….. To make a very long story short, Ka’nax, the chief of the Chilukikaw Nation … was a young and handsome man. Chief Ka’nax had heard the story told of the very beautiful girl, and he thought to himself, I will find this woman and she shall become my wife.
….. But, oh hear, here is what happened. ….
Lqolix on returning to her home on the mountain across from the river, had a long talk with her parents. They were happy to see her wearing her snow cape. She told them about Ka’nax vowing to come back for her and how worthless his vow was. She had given him her precious snow cape as security on herself. He had then made love to the Bird Princess and had given her the snow cape.
Lqolix’s father put his arm around her and said, “Darling, you are young and young lovers often find their promises broken. You are very fortunate to have found out that his word was untrustworthy before marriage than afterwards.”
Lqolix replied, “Dear Father, I am not concerned about myself, but for the Bird Princess and Na’gon. Ka’nax will stop at nothing. He will have his executioner behead Na’gon and destroy the Bird Princess. Please stop him from ever coming up the river again.”
This was a big request Lqolix had made and he wished to carry it out, and as god of the Mountain Way-ye-ast he could destroy the Chilluckittiquaw Nation by burying it under molten lava; however, this would kill innocent people in punishing their chief; he was the only one needing punishment. This placed a great burden on the mountain god. Ka’nax must be stopped from coming up the river with his warriors; so Lqolix’s father went into the bosom of his Wa-ye-ast and from there he conversed with the god of Pah-to Ipakxal. Both gods knew that the chief Ka’nax must be stopped from coming up the river again. The gods agreed to join in the plan together and when the moon became directly overhead, each mountain would open their tops and hurl large boulders at the mountain bridge, causing it to collapse into the river.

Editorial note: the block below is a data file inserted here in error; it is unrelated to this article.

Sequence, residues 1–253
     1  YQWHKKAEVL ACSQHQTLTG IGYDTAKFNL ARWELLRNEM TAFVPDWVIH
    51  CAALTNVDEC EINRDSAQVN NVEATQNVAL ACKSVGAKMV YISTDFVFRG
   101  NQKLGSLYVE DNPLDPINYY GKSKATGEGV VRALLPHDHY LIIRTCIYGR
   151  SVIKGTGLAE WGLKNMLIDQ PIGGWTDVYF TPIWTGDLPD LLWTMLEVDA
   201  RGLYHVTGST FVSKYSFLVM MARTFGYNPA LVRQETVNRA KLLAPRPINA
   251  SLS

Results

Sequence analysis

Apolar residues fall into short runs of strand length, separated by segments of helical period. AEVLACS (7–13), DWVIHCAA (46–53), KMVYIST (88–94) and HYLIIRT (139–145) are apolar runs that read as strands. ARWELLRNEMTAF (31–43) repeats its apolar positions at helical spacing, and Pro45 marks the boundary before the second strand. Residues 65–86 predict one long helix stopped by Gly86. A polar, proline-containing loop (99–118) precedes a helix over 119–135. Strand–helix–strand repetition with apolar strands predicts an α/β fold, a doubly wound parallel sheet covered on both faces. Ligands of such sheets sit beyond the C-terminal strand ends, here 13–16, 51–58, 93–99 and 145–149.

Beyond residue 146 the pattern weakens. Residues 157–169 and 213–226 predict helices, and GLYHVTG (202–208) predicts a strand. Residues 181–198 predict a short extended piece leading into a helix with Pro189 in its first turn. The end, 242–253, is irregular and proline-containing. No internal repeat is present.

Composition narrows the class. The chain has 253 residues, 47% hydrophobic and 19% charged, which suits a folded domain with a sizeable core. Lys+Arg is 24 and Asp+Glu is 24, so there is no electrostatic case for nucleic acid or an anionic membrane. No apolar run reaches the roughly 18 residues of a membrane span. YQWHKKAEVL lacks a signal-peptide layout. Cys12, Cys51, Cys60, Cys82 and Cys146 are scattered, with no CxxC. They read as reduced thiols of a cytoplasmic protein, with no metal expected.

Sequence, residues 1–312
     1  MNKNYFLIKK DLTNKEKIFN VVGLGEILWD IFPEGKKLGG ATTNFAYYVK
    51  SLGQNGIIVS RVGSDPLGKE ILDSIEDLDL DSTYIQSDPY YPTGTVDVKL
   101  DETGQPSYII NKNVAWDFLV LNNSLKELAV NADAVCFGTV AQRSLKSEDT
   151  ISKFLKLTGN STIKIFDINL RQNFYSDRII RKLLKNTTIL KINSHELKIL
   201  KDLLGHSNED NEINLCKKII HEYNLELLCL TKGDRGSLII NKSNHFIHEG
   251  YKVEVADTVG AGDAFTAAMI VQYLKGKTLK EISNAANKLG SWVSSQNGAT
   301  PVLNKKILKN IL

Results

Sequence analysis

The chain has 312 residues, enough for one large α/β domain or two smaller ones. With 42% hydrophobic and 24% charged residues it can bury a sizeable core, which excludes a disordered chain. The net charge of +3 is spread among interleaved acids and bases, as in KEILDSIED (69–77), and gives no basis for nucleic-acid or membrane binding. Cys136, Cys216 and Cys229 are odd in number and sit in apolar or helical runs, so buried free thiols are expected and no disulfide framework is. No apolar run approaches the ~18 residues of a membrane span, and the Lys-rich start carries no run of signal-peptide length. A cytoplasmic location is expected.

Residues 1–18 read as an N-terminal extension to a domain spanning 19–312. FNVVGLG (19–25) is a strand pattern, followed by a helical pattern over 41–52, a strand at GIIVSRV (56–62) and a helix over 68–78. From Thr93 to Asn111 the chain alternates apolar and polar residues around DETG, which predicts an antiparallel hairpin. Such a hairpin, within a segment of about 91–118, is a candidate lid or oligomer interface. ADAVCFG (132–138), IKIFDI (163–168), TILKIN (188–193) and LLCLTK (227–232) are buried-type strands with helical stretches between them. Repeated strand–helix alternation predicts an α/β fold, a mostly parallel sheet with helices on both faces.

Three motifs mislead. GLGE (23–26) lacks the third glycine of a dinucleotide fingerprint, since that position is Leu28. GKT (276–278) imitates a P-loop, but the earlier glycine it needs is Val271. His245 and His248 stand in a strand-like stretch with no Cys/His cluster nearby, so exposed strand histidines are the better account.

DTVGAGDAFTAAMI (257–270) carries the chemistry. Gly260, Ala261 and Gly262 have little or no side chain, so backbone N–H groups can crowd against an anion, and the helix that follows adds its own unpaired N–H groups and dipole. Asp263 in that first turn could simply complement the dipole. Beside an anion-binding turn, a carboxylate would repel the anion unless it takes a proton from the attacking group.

That night while the moon was high a tremendous ground shaking crash awoke the sleeping Chilluckittequaw Nation and the mighty river stopped flowing past Che-che-op-tin.
…..”Ka’nax with his counselor To’iha were determined to see what happened to his mountain bridge, so together they climbed a high mountain peak to it’s very top and while standing there side by side looking at the fallen bridge, they became so terrified that they became petrified and can still be seen standing side by side on top of this mountain peak, from near Stevenson or from Cascade Locks.”
From Attwell, Jim. 1973. Tahmahnaw : the Bridge of the Gods. Skamania, Wash. : Tahlkie Books. p. 32-33, 60-62.